Toxic Truth: Lead and Fertility
Using U.S county level data on lead in air for 1978-1988, this paper provides the first causal evidence on the effects of airborne lead exposure on the general fertility rate and the completed fertility rate in the broad population. Instrumental variable estimates show the increase in completed fertility implied by the average observed decrease in airborne lead is 0.14 children per woman, which is 6.4 percent of mean fertility. To explore the current relevance of our findings, we estimate the effect of lead historically accumulated in topsoil on fertility in the 2000s. The results suggest that lead may continue to impair fertility today, both in the United States and in other countries that have significant amounts of lead in topsoil.
We thank Martha Bailey, Janet Currie, Olivier Deschenes, Daniel Grossman, Gary Libecap, Lowell Taylor and seminar and conference participants at Carnegie Mellon University, Cornell University, Economics of Low-Carbon Markets Workshop, IZA - Institute of Labor Economics, Higher School of Economics, New Economics School, University of Southern Denmark, University of Virginia, Urban Economics Association - Annual Meeting, and the U.S. Environmental Protection Agency for valuable comments and suggestions. We thank Guy Michaels for sharing his data on the 1944 Highway Plan. Karen Clay, Margarita Portnykh, and Edson Severnini gratefully acknowledge financial support from Heinz College at Carnegie Mellon University, and Margarita Portnykh gratefully acknowledges financial support from the Earhart Foundation, which supported her postdoctoral fellowship at the Bren School at the University of California, Santa Barbara. The views expressed herein are those of the authors and do not necessarily reflect the views of the National Bureau of Economic Research.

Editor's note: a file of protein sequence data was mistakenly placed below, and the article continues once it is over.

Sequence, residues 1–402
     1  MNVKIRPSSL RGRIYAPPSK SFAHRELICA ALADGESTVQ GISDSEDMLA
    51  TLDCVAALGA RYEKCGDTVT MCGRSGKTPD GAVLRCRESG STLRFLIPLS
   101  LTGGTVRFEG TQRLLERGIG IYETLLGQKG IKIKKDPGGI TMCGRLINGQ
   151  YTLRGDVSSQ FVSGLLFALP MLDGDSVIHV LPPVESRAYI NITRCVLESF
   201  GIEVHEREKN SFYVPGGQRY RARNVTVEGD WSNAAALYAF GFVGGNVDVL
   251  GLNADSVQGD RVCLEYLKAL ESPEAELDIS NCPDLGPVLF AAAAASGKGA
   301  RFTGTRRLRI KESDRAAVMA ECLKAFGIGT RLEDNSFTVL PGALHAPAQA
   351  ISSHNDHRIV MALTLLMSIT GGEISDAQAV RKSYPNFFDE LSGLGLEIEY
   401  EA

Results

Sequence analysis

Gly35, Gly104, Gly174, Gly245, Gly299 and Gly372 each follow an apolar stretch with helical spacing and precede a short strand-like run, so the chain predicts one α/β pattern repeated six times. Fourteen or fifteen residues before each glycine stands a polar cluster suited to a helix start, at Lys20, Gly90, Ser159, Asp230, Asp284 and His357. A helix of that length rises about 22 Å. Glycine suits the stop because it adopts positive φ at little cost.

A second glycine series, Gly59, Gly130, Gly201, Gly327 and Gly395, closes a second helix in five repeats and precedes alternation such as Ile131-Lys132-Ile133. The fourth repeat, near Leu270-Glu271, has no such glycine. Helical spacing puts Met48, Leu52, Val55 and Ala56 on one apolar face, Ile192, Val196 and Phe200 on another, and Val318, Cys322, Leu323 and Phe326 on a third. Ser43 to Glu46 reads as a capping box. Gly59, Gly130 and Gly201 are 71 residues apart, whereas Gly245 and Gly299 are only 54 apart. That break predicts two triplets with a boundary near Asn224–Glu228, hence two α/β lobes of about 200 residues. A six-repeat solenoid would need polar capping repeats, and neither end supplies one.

Karen Clay & Margarita Portnykh & Edson Severnini, 2021. "Toxic Truth: Lead and Fertility," Journal of the Association of Environmental and Resource Economists, vol 8(5), pages 975-1012.